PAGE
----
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Can I get the offset of a selected html element in the html source code?

for example:

<html> <body> <a href="">google</a> </body> <html>

if the user would select the google text, I would want to get 40 as this is the offset from the start of the source.

I tried with Range object but couldn't find something helpful with this one.


share|improve this question
what do u mean by in the html source code? – Rizwan Mumtaz Mar 5 '12 at 15:13
Why do you need this number? – Tim Down Mar 5 '12 at 16:14
up vote 1 down vote accepted
function srcOffset(ele)
   alert(document.getElementsByTagName('html')[0].innerHTML.indexOf( + + 2);
   return false;
<a href="" onclick="return srcOffset(this)" id="myLink">Google</a>
share|improve this answer
thanks for your reply, but what if the element doesn't have id attr? – adi ohaion Mar 5 '12 at 15:24
Something about the anchor has to be unique, or you'll never be able to tell which link in the source called the JS. You could use the href attribute if you're sure its unique on the page and search for the closing bracket after it. Without uniqueness, you're boned. – MarkFisher Mar 5 '12 at 15:29
OK I'll try to inject id attr to the anchor node and thus gain uniqueness for the desired element. hope it would do the trick. thanks again. – adi ohaion Mar 5 '12 at 15:58
innerHTML does not necessarily return the same HTML that was returned to the browser, so this is unreliable. Also, all major browsers provide some kind of selection API for getting hold of precisely what content the user has selected, so the uniqueness is a red herring. – Tim Down Mar 5 '12 at 16:13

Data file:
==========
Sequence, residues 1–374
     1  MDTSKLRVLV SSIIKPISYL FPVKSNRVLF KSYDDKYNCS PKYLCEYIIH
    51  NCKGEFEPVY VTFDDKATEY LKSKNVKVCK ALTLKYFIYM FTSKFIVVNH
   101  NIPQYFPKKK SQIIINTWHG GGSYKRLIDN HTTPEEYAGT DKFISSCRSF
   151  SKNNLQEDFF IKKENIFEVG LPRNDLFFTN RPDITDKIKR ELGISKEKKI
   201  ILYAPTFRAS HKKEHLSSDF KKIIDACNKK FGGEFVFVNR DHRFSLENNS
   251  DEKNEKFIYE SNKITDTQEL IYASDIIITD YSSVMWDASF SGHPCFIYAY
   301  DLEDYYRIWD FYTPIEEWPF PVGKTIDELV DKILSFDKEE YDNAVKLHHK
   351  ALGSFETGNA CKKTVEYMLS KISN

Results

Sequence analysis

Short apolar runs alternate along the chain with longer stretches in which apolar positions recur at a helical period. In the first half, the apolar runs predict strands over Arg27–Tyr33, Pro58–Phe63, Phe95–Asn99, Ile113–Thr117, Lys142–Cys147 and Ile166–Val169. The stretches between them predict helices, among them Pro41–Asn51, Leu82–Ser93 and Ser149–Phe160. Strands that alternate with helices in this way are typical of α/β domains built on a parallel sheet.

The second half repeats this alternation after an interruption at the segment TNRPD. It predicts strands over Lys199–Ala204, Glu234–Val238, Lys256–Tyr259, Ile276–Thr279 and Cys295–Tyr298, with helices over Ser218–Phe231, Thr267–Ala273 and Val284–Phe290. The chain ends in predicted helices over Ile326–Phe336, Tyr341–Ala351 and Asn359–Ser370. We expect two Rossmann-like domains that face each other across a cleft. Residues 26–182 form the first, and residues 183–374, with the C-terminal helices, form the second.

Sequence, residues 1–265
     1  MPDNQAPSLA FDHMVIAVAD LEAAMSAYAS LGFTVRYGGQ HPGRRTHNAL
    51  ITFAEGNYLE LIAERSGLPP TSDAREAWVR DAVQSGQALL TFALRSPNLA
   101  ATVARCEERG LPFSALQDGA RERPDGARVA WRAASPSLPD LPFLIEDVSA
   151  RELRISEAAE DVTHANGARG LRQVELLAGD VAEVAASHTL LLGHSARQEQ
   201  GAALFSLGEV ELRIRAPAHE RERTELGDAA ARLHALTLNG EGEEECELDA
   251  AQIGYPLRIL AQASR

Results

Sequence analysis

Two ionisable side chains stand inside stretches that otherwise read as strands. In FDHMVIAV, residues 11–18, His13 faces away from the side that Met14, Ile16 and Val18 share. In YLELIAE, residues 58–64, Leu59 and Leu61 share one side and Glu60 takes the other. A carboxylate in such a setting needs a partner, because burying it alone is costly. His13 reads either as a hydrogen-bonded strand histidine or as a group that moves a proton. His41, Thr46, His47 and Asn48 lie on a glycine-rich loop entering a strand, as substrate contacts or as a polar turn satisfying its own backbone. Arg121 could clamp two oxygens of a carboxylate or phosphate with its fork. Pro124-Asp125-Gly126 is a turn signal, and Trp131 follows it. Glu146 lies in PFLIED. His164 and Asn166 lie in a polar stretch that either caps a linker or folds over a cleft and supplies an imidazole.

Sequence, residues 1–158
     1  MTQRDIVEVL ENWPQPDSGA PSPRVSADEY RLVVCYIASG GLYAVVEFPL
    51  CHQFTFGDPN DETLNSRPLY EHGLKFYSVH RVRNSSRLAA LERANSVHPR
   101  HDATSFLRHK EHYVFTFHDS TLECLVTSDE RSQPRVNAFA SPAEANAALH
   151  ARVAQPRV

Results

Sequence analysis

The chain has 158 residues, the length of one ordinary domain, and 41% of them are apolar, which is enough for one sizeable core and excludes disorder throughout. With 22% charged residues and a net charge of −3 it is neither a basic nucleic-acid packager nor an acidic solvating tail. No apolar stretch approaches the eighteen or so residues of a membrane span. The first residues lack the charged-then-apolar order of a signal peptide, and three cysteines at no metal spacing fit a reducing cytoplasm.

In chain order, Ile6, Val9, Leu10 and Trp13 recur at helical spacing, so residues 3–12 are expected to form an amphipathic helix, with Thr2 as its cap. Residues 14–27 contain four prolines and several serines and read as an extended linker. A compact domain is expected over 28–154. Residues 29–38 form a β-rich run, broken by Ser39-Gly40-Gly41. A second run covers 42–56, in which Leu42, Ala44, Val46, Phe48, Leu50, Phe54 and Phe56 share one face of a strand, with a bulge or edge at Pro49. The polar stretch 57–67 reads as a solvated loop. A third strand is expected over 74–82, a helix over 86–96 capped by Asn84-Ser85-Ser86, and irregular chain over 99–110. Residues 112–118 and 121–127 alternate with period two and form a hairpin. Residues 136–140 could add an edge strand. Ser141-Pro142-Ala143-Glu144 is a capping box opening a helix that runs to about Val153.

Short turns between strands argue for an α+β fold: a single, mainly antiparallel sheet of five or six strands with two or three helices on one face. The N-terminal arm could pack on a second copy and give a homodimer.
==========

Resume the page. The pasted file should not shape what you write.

This is not a solution, as in case happens somewhere in document as a part of the text, it won't work. Though, you can walk DOM tree recursively, calculating the length of innerHTML of all the element, which are to the "left" of the one you're searching. If you'd like to do so several times, you'll need to augment DOM nodes with precomputed values to lessen asymptotic complexity from linear to logarithmic. – Jan 30 '14 at 13:49

You can't really do this in a sensible way. The fundamental problem is that there is no way in browsers to get back the original HTML sent by the server; innerHTML is often different in some way because it is a representation of the browser's DOM parsed from the original HTML rather than a snippet of the original HTML.

It is possible to retrieve information about the user's selection in all major browsers but this information is expressed in terms of nodes in the browser's DOM rather than as offsets relative to a string containing the original HTML sent by the server.

All that being the case, your best option is retrieving the HTML source again via Ajax and doing complicated HTML parsing to match the browser DOM up with your HTML string, which is non-trivial. It could also be impossible if script running in your page has modified the DOM by the time you get the HTML source back. I would suggest trying to find another way to achieve what you want.

share|improve this answer
I found another way to achieve what I want. thank you very much for your reply! – adi ohaion Mar 5 '12 at 16:22

this how you get the offset using jQuery

$(document).ready(function() {
  $("a").click(function() {
   var offset = $(this).offset();


<html> <body> 
    <a href="" class="first">google</a> 
    <a href="" class="second">abc</a> 
    <a href="" class="third">xyz</a> 
</body> <html>​

a.first { position:absolute;
    left:20px; top:35px; }
a.second{ position:absolute;
          left:100px; top:35px; }
a.third{ position:absolute;
          left:220px; top:35px; }

Demo of this example :

share|improve this answer
thanks for the quick reply, but this is not what I meant. I know how to positioning an element. but I need its offset in the html code itself. the number of characters from the start of the html source code. sorry if I wasn't clear. any idea for this one? – adi ohaion Mar 5 '12 at 15:19

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